The GT2 RS is a race-car with street plates — and an en­gi­neer­ing feat

Herald Sun - Motoring - - Front Page - JOSHUA DOWLING

Have you ever won­dered what type of car For­mula One driv­ers have as a week­end toy? Here’s a prime ex­am­ple. Aussie ace Mark Web­ber and other speed demons have one of these stashed in their garages be­cause it’s one of the few road cars with enough power to give them a fright.

Of­fi­cially, it’s called the GT2 RS and un­der the fa­mil­iar shape of a Porsche 911 it packs the per­for­mance to match or eclipse hy­per-cars.

Unof­fi­cially, those in the know call it the “widow-maker” be­cause few driv­ers have the skill to ex­ploit its po­ten­tial.

Porsche has taken its most pow­er­ful twin­turbo six-cylin­der en­gine, given it even more urge, and then trimmed 125kg, notably delet­ing the front dif­fer­en­tial that pro­vides so much grip in the, ahem, more af­ford­able $495,000 all­wheel drive 911 Turbo S.

The GT2 RS costs a gob­s­mack­ing $700,000 by the time it’s in the traf­fic, even then adding op­tions such as a $1690 rear cam­era.

It doesn’t even come with in­te­rior door han­dles. In the pur­suit of lop­ping weight, the levers are re­placed by a piece of fab­ric sim­i­lar to seat­belt ma­te­rial.

Tug on those to open the doors be­fore you start a form of Porsche yoga, clam­ber­ing out of the tight sports seats. Master it, and your feet will touch the ground be­fore your hands.

It may lack ba­sic com­fort fea­tures but the GT2 RS is in such hot de­mand even the rich and fa­mous need to queue to buy one. Only about 60 are com­ing to Aus­tralia. All are sold.

More power and less weight is the for­mula that un­der­pins all fast cars but with this one Porsche is push­ing the bound­aries of hav­ing too much of a good thing.

The num­bers are mind-bog­gling: more power than a V8 Su­per­car in some­thing al­most as light as a Toy­ota Corolla.

The 3.8-litre flat six pro­duces 515kW/750Nm — up from 397kW and 710Nm in the stan­dard 911 Turbo.

Suf­fice to say I took a while to build up the courage to sample even some of its ac­cel­er­a­tion. The tyres are of a type de­signed for track use, which means they take a while to warm up be­fore they grip, then once up to tem­per­a­ture they can take lap after lap of pun­ish­ment on a cir­cuit.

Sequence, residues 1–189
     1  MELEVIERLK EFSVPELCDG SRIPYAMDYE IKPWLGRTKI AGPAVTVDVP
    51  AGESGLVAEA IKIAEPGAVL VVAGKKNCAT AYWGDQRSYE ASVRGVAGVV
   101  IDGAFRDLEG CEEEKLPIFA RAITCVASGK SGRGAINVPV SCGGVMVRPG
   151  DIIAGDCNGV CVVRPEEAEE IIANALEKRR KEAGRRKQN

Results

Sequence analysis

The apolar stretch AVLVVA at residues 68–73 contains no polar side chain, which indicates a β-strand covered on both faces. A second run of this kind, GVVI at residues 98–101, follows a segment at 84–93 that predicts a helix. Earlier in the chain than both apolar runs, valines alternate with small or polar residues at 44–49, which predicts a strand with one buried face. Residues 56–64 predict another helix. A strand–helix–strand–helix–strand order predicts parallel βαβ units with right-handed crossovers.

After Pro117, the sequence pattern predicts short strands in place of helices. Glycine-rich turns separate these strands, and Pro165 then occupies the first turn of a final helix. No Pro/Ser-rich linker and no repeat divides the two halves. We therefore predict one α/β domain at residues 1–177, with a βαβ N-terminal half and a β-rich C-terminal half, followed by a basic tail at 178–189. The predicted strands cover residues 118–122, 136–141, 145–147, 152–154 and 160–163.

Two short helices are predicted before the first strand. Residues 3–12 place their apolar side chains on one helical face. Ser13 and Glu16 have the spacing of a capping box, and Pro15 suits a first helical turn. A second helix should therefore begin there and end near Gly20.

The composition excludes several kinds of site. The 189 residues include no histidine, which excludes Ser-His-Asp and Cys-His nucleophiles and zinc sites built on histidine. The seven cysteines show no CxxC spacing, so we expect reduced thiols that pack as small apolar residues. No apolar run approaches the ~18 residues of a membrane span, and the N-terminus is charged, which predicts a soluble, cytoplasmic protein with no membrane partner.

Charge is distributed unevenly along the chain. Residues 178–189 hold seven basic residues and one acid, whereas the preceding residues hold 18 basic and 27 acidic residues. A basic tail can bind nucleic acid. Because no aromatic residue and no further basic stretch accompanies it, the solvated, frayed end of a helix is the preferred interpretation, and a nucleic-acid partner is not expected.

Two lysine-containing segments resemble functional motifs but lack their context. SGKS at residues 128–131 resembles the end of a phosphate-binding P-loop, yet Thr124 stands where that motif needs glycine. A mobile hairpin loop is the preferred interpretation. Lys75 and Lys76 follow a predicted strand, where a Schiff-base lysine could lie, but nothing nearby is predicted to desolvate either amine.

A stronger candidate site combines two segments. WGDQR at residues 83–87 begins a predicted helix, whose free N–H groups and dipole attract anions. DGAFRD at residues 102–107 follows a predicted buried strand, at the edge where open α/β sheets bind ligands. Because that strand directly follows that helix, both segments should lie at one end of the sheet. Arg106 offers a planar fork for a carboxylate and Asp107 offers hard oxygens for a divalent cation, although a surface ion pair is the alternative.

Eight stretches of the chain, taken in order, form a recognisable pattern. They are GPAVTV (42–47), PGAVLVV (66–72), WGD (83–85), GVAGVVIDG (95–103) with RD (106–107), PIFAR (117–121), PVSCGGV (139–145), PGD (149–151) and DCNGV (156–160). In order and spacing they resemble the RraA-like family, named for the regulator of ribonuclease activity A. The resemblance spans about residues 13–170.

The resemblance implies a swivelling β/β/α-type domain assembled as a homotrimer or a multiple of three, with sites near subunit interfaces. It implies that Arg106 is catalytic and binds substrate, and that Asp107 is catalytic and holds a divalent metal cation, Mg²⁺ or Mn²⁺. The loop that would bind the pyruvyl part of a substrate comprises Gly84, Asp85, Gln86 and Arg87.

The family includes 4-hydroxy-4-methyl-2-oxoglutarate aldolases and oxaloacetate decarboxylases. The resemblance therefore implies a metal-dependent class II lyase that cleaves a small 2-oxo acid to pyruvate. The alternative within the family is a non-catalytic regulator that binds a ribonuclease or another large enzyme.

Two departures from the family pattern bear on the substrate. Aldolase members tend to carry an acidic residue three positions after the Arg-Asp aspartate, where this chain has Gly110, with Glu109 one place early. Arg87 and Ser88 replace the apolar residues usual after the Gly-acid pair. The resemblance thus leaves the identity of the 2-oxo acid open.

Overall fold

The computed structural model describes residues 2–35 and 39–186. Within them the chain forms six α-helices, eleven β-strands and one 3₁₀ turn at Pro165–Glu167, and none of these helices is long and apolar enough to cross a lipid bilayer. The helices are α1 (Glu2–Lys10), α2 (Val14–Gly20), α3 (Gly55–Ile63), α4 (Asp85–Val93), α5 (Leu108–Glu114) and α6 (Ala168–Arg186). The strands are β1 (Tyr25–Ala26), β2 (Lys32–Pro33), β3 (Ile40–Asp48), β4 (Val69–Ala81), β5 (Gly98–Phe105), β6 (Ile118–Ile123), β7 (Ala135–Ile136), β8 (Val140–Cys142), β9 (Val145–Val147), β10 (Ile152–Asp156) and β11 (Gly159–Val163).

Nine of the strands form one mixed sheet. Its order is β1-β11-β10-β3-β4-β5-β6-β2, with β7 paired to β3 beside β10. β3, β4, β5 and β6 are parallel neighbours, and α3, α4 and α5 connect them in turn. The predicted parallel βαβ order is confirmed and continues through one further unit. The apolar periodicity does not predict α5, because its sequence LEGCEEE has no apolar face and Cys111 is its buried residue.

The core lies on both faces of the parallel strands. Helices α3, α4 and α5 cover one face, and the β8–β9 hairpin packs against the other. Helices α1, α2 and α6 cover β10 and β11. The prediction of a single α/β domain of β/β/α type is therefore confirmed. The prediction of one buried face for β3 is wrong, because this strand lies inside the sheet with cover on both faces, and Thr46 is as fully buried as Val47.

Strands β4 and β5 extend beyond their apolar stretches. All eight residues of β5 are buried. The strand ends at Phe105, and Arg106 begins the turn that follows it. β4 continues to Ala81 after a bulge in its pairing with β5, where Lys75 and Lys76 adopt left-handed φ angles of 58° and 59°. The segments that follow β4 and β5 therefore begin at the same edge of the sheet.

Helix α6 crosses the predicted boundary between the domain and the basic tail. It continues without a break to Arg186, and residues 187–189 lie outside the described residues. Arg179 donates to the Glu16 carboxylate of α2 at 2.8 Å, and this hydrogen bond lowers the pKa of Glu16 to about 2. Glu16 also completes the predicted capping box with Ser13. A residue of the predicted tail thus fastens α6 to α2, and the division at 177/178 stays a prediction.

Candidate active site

On the road the level of grip is any­one’s guess — and this is not the type of car for guess­work.

With ev­ery be­hind-the-scenes safety aid switched on, the GT2 RS be­came more fa­mil­iar with time, even though I wasn’t even scratch­ing the sur­face of its abil­ity. Ini­tially it’s so intimidating that I drove it more slowly than I would a Suzuki Swift.

It’s also very loud. As part of the weight­sav­ing process, Porsche jet­ti­soned sound­dead­en­ing ma­te­rial. You can hear ev­ery­thing.

Which brings us to the ex­haust but­ton. Se­lect sport mode and the bur­ble and pop­ping of the ex­haust deal­ing with ex­cess fuel sounds like dis­tant fire­works.

Floor the throt­tle — when the road is clear enough and smooth enough — and the air in­takes suck in oxy­gen with so much force it sounds as if you’ve put your hand over the end of a vacuum cleaner noz­zle.

Even­tu­ally we tested the 0-100km/h claim. Porsche says it can do the dash in 2.8 sec­onds. I had my doubts, given it’s re­ly­ing only on the rear wheels to get all that power to the ground.

We did a string of 2.9-sec­ond runs us­ing pre­ci­sion equip­ment and I went from scep­ti­cal to awe-struck — the all-wheel drive 911 Turbo feels faster yet stops the clock in 3.0 sec­onds.

By the end of the drive it be­came ap­par­ent the GT2 RS truly is built for speed, and def­i­nitely not for com­fort. Even in “nor­mal” mode the sus­pen­sion is so stiff you even feel the bumps you can’t see.

Clearly this is not a car for the faint of heart — or reg­u­lar road use. It’s a race-car with num­ber­plates. And an en­gi­neer­ing feat.

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